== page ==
Category Archives: Deep Thoughts

Please listen to our menu options as they have recently changed

When I was in school, being caught on-campus with a cell phone was serious trouble. By which I mean not “They’d take it away,” or “You’d get detention,” but rather, “They would call the police and you would be arrested.” This rule, which seemed stupid even at the time, was a product of what was even then an earlier age, when pagers and cellular phones were possessed only by medical doctors, high-powered businessmen, and drug dealers. Since high school students did not fall into the first two categories, the law felt it was safe to assume they fell into the third.
Now, rules this simple sadly do not work anymore, if they’d ever worked in the first place, which they do not. As our civilization changes, the rules have to get increasingly complex. Even in my time, the existing rule of “Do not bring a cell phone or pager onto school grounds,” was problematic: there was a surprising population of seniors who were registered as volunteer firemen, and while they didn’t need pagers at the school proper, they did need to have them in their trucks, which were parked on school grounds, and they might reasonably need to carry them to afterschool activiites.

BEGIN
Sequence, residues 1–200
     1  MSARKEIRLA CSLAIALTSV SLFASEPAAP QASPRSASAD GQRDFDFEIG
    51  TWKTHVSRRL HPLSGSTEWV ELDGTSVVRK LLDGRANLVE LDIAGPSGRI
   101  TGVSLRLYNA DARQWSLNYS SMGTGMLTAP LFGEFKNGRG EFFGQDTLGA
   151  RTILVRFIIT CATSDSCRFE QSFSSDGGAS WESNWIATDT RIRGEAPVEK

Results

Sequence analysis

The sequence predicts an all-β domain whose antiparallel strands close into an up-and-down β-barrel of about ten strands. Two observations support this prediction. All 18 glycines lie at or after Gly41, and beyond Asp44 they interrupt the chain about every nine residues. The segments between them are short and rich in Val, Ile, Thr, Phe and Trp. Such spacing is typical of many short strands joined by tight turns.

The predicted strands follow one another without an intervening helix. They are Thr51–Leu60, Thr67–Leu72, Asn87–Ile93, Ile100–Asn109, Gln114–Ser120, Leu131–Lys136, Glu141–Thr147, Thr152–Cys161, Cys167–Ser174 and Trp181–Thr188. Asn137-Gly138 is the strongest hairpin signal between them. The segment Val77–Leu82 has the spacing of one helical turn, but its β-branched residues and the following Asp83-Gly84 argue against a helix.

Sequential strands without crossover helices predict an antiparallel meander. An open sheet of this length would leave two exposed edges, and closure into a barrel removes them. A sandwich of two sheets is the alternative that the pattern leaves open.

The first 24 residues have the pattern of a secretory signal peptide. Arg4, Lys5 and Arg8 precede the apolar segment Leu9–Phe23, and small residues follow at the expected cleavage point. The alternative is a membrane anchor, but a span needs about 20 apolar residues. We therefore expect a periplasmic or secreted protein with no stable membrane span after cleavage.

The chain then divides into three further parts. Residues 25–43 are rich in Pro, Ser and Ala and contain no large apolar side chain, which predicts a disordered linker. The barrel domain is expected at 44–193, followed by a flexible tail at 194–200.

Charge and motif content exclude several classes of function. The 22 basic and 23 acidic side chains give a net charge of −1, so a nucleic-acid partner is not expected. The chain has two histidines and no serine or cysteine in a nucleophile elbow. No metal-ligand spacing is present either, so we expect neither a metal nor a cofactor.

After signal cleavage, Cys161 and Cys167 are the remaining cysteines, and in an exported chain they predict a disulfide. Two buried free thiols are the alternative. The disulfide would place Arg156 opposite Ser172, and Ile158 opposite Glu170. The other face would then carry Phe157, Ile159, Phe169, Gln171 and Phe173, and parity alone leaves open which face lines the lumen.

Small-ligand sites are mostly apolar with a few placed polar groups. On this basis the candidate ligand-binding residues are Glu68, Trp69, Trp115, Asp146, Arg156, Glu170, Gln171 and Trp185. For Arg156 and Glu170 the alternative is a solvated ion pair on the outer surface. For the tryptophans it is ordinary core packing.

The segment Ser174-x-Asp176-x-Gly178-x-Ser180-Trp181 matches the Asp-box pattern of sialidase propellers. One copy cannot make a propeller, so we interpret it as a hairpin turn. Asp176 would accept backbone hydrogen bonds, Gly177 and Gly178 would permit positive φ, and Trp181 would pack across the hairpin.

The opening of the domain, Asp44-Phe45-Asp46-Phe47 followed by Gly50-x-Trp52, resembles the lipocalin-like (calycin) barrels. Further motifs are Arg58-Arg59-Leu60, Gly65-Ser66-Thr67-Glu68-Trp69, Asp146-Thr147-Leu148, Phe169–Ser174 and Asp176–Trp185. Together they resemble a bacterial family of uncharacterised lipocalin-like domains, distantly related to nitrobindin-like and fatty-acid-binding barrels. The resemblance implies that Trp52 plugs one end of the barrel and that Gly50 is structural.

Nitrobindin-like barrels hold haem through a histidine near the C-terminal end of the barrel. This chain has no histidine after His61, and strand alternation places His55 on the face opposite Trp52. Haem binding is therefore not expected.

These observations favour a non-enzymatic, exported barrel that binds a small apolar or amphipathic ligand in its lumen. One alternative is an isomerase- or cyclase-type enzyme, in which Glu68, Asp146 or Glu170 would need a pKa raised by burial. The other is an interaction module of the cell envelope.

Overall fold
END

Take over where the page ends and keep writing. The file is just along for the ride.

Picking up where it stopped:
There’s a balance that needs to be stuck. There are uses of phones that plainly ought be allowed: “Hi, this is your father. I need you to call your mother and tell her that I’m okay but the plant just exploded*.” “Mom, help, the teacher just spontaneously combusted,” and those which plainly ought not be: “What’s the answer to number 5?” “Hey, want to see some naughty pictures of me?**”, but between these two extremes is a large gray siberia-like wasteland.
In the land of Kalamazoo, as reported by, for instance, they have ot grapple with nagging parents who call during the school day to check up on their spawn, in what I can only assume is an attempt to publically shame them by having mommy call in the middle of shaking down a freshman for his lunch money.
This is a hard problem for any school, and you might be compelled to feel heartfelt sympathy for them, but fortunately, the teacher’s union helps out by saying one of those things that reminds you that schools are basically run like a combination supermax prison and third world dictatorship:

Cell phones also can “lead to behavior and school-climate issues,” Lambert said. “You can have an incident at one end of the building and it gets instantly communicated to people on the other side of the building, which can just add to the turmoil and exacerbate the problem. That can be a real distraction.”

Because nothing is more antithetical to the scholastic process than the free flow of information, and nothing is more essential to smooth school operations than to assert total control over all routes of communication. I mean, why even bother censoring the school newspaper and banning blogs if the students are just going to text each other whenever something bad happens?

* Incidentally, the day I received this call, I checked the news sites on the internet. The first one to pick up the story noted that there were no indications that this was a terrorist attack.